So far from sweet real things my thoughts had strayed,
I had forgot wide fields, and clear brown streams;
The perfect loveliness that God has made,—
Wild violets shy and Heaven-mounting dreams.
And now—unwittingly, you’ve made me dream
Of violets, and my soul’s forgotten gleam.

–Alice Dunbar-Nelson


Afternoon sun on her back,
calm irregular slap
of water against a dock.

Thin pines clamber
over the hill’s top
nothing to remember,

Only the same lake
that keeps making the same
sounds under her cheek

and flashing the same color.
No one to say her name,
no need, no one to praise her,

only the lake’s voice—over
and over, to keep it before her.

–Robert Pinsky from The Want Bone (1990)

“On the Road,” the 2012 film & the “On the Road” poet

I finally recently saw the film version of the Jack Kerouac novel On the Road. Considered an autobiographical novel, since its publication in 1957 it has become almost a treatise documenting the freewheeling lifestyle of people who lived outside the perimeter of mainstream middle America in the late 1940s/early 1950s. The story is narrated by the character, Sal Paradise (in real life Jack Kerouac,) an aspiring writer who develops a friendship with a hard drivin’, hard lovin’, hard drinkin’ man, Dean Moriarty (in real life Neal Cassady) and the sensitive homosexual poet, Carlo Marx (in real life Allen Ginsberg). As these people, during the course of the story, join up at various points, their escapades include driving feverishly across America or hanging out together in Denver, New York or San Francisco. For the most part these adventures comprise much of the narrative. Joining with them are other characters who also impact their lives and the novel as well.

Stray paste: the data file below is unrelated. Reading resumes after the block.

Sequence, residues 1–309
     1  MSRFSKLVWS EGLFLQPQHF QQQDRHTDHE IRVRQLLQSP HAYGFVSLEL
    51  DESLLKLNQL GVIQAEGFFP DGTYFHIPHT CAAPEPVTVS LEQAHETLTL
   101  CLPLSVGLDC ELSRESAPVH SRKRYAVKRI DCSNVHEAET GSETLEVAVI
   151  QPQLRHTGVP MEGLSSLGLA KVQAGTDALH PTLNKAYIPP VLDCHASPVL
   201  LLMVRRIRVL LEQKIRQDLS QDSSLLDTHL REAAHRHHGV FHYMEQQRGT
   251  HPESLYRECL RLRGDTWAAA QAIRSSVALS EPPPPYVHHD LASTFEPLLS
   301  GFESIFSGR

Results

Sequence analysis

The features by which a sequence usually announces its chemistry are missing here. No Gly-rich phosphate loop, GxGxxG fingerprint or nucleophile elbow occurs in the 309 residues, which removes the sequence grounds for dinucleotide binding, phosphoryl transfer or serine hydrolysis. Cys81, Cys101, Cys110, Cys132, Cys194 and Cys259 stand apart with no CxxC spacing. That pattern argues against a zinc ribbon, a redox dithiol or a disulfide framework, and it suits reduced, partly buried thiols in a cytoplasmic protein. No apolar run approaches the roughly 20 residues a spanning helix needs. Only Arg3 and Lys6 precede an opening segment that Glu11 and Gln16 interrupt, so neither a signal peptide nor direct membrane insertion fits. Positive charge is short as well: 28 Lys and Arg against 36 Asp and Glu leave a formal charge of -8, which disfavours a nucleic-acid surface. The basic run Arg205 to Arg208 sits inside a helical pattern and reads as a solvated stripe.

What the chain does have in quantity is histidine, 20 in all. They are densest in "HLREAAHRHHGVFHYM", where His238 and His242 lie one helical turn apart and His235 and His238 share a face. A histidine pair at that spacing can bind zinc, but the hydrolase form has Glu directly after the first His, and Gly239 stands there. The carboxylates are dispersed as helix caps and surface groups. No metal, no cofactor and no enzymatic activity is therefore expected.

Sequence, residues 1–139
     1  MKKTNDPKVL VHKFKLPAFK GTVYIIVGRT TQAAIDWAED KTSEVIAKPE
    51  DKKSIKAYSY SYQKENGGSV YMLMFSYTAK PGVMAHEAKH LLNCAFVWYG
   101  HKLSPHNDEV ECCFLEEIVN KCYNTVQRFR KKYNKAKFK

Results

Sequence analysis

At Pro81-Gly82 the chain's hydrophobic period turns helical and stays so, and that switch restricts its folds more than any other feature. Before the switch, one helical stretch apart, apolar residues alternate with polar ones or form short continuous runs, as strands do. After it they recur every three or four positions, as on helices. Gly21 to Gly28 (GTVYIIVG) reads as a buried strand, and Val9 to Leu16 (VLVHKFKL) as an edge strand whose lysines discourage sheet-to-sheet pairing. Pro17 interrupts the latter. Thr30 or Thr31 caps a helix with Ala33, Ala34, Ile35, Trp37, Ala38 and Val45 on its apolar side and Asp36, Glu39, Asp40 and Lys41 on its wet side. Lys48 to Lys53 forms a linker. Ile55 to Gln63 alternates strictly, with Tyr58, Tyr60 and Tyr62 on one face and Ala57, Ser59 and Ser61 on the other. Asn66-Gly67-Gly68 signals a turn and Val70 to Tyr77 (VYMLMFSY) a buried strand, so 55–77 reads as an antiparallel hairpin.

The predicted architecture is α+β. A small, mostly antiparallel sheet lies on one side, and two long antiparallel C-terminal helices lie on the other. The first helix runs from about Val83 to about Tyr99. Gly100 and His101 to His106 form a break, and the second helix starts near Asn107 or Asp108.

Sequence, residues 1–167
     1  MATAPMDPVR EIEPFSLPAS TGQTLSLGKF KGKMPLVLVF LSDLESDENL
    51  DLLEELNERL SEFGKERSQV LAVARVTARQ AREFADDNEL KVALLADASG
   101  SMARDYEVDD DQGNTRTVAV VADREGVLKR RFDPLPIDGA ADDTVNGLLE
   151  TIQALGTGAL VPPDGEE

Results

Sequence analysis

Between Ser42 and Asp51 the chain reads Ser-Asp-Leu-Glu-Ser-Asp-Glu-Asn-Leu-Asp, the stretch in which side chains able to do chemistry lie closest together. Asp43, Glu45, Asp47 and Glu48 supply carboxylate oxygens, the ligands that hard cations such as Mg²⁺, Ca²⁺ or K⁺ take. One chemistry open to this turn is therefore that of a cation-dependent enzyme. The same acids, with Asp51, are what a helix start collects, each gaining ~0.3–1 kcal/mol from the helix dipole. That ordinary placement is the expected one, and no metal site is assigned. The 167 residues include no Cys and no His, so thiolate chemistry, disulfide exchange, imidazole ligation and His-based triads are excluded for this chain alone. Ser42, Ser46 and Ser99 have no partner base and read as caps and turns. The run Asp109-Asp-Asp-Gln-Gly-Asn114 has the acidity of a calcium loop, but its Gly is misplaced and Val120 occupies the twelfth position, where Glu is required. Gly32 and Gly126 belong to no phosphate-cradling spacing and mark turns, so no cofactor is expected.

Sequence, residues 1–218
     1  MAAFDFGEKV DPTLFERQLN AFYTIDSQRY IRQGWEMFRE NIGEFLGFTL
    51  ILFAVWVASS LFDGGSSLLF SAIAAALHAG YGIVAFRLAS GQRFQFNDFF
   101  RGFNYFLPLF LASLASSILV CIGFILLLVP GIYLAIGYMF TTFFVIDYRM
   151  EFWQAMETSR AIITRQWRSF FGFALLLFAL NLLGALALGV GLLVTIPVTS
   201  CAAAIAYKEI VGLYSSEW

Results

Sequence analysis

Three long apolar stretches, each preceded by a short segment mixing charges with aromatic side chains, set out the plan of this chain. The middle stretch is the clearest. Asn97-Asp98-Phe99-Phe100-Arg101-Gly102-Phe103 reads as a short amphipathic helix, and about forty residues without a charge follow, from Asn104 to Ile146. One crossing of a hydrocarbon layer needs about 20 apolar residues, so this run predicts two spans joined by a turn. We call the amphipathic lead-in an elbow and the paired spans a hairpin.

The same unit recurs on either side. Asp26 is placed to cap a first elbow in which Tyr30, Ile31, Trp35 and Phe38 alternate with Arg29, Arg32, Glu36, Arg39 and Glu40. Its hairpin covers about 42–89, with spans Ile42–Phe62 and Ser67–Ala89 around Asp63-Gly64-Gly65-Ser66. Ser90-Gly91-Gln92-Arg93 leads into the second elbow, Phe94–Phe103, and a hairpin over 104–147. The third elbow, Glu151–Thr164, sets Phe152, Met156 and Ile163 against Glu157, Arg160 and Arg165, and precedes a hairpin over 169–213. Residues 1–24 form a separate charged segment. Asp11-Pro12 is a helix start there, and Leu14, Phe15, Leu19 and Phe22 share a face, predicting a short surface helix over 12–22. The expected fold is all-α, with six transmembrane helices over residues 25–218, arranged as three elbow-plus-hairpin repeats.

The movie “On the Road,” it turns out in my opinion, is not as good as it could have been, and yet it could’ve been worse than what it is. Some of the adventures/travels, given considerable description in the novel, are not portrayed in detail in film, and I found that amiss. Other situations or characters, however, when seen on the big screen, actually made more sense to me than what I got while reading the book. The movie does seem to have a lot of sex, drugs and jazz (as one IMDB reviewer succinctly states) in it, and while the depiction of such is no longer shocking to today’s audience, there is a sense that the intensity of such a life cannot go on indefinitely.

Much has been written about the Beat movement including the poet Allen Ginsberg whose famous 1956 poem, “Howl” was the subject of the 2010 film starring James Franco as Ginsberg himself. Not to give too much away, there is scene in the “On the Road” film when Sal smiles as he receives a copy of the freshly published “Howl” written by his friend, Carlo Marx.